Advice to a beginner developer

Getting into tech has been the best career move for me and my family. It is a flexible, lucrative field. I'm able to work remotely now. I feel more fulfilled by my work.

But becoming a developer is not an easy path. There were days when I did't want to think about Javascript or work on my project to keep improving. A concept can drive you crazy when your solution doesn't behave how you expect.

The other piece of it is everyone has a different path. People have come from various fields to join the tech industry. They have brought with them different experiences. That also means it was easier for some than others to make the transition.

I want to share some advice that I have for a developer just starting their journey. I transitioned into software from electrical engineering so I had some programming exposure, but was not trained as a software developer.

Have patience with yourself

Writing code and working with software is going to challenge you. There will be bugs that you can't seem to track down. You will struggle to understand how a library works.

A new concept might trip you up. You will struggle to debug code at first. Every developer who is proficient has been in your shoes.

Don't beat yourself up. Give yourself some grace. This is hard!

Don't neglect the soft skills

Coding is considered the key skill to programming and getting a software job, but don't forget to level up your soft skills.

Communication is important no matter what career you pursue. Learn to write clearly so emails and IMs are effective.

This can be especially difficult when communicating about software development.

Referencing files, code snippets, and other pieces pose a challenge.

The key is to be thorough AND brief while giving adequate context. Take the extra time to ensure the message is clear and the question makes sense for someone without context.

If you're writing a question about a feature and you're sending it to someone who isn't a developer, you'll likely have to change how you present your information. Take the time to understand your target audience's familiarity with the topic. Then you can fill in any gaps for them before you ask your question!

Ask for help

Let's say you've been working at understanding a concept, but it just isn't clicking. You've read the docs, searched on StackOverflow, and tried various approaches. Most folks would either give up, or keep pushing on their own.

There's no shame in asking for help though! If you've given it a considerable amount of effort, don't be afraid to ask for help.

The community on twitter and Indiehackers has been especially helpful for me! Sometimes asking someone to walk you through something is all it takes.

I still hesitate to ask for help. I want to be respectful of other's time. But I know I'd be happy to try helping someone out! I was a beginner once and understand the struggle. So maybe I shouldn't be so apprehensive about asking for help myself.

Know that anyone who has been a beginner is likely happy to help you if you reach out. And if they are trying to help by posting information voluntarily on their feed, you're even more likely to get help from them.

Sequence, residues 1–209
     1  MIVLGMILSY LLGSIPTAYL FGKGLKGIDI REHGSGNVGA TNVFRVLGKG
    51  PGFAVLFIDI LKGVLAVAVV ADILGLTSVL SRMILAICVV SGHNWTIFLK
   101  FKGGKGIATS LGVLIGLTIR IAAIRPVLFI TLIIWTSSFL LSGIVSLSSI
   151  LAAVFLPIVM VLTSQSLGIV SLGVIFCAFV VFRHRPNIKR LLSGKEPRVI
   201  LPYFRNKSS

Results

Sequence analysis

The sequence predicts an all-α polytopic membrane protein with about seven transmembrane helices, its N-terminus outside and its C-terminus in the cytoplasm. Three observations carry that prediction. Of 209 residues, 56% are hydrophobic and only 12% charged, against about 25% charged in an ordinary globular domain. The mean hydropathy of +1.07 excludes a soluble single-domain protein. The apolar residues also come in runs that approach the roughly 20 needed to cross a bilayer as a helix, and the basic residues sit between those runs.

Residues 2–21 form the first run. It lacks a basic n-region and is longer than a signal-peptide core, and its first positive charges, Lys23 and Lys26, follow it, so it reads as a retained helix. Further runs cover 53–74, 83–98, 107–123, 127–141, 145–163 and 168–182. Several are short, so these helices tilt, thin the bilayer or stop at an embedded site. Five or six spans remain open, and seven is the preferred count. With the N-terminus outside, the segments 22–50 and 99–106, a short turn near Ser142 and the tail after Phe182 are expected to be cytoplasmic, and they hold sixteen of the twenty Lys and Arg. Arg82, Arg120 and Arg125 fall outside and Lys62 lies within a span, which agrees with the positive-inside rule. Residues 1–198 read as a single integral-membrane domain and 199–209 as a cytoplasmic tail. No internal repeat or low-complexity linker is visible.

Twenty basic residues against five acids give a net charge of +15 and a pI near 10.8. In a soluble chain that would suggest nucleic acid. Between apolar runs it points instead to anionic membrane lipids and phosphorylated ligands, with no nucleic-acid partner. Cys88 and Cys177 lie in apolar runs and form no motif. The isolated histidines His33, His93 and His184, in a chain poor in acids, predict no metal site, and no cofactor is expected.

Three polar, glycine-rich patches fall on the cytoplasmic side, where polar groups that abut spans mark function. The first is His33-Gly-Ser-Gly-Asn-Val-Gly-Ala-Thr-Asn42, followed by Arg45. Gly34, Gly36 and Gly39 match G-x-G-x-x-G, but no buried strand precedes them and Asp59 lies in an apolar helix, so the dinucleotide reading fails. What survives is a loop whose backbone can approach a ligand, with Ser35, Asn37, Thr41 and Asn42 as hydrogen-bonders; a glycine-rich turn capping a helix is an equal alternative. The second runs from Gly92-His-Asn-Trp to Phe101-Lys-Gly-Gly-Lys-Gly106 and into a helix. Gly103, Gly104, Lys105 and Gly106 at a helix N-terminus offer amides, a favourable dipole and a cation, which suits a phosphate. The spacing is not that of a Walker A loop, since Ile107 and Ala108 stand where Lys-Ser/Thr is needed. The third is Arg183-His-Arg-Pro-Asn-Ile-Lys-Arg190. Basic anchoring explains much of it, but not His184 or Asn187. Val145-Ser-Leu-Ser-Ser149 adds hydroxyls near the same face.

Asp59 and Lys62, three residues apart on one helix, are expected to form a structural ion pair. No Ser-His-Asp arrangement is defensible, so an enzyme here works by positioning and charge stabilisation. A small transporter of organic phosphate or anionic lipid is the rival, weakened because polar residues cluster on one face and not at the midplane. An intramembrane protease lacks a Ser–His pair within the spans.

Take active breaks

Coding is a very sedentary job. This is the biggest downside of the profession in my opinion. You need to take breaks to combat this.

Don't just take a break to sit on your phone or read an article though. Get up and move! Do some jumping jacks, go for a quick walk, squat a few times.

The first benefit is you'll get the blood pumping. You'll be able to focus better.

The second benefit is you'll be keeping your body moving and stretching. Your range of motion decreases the longer you sit. Do some full range of motion movement.

The third benefit is you'll give your mind a break so you can jump back in refreshed. This could be all it takes to unlock that problem you were struggling with 👌

Learn to read documentation

This is going to be intimidating at first, but documentation will become the first place you look when you don't understand something.

Some documentation is easier to read and more thorough, but generally it's a good idea to check the docs first when you're working with a library.

Learning to navigate the docs is a skill. It will take time to get familiar with the structure and presentation.

The good news is that once you've learned how to navigate documentation, you will not shy away from doing it again in the future.

If you want to learn a new library, you'll read their docs first.

I have found that it is second nature to me now.

Only after you've scoured the docs should you look elsewhere for information on how a library or framework functions.

Often if you search for your question, the docs will pop up as the first result anyway 😉

Make friends with other devs

Find others who are going through the same obstacles. There are countless communities online where you can meet other beginner developers.

Twitter is a fantastic place to start. Search for #100DaysOfCode or #TechTwitter and you're bound to find others.

Follow them. Shoot them a DM. Make a connection. Maybe you can help each other out on this exciting, difficult journey 😃


These are my top pieces of advice for newbie programmers. I know there's more to be explored here though.

I was a beginner once. I still consider myself a beginner in some regard. That's the blessing and curse of tech. You'll always be learning something new. You'll perpetually be a beginner in some facet.

I may understand JavaScript fairly well, but specific concepts are still unexplored. The day you stop learning is the day you lose in tech.

Don't be discouraged when you find bumps in the road. You'll overcome it and then maybe even help someone else understand it someday.

That's all for this morning, see you tomorrow at 5:30 💪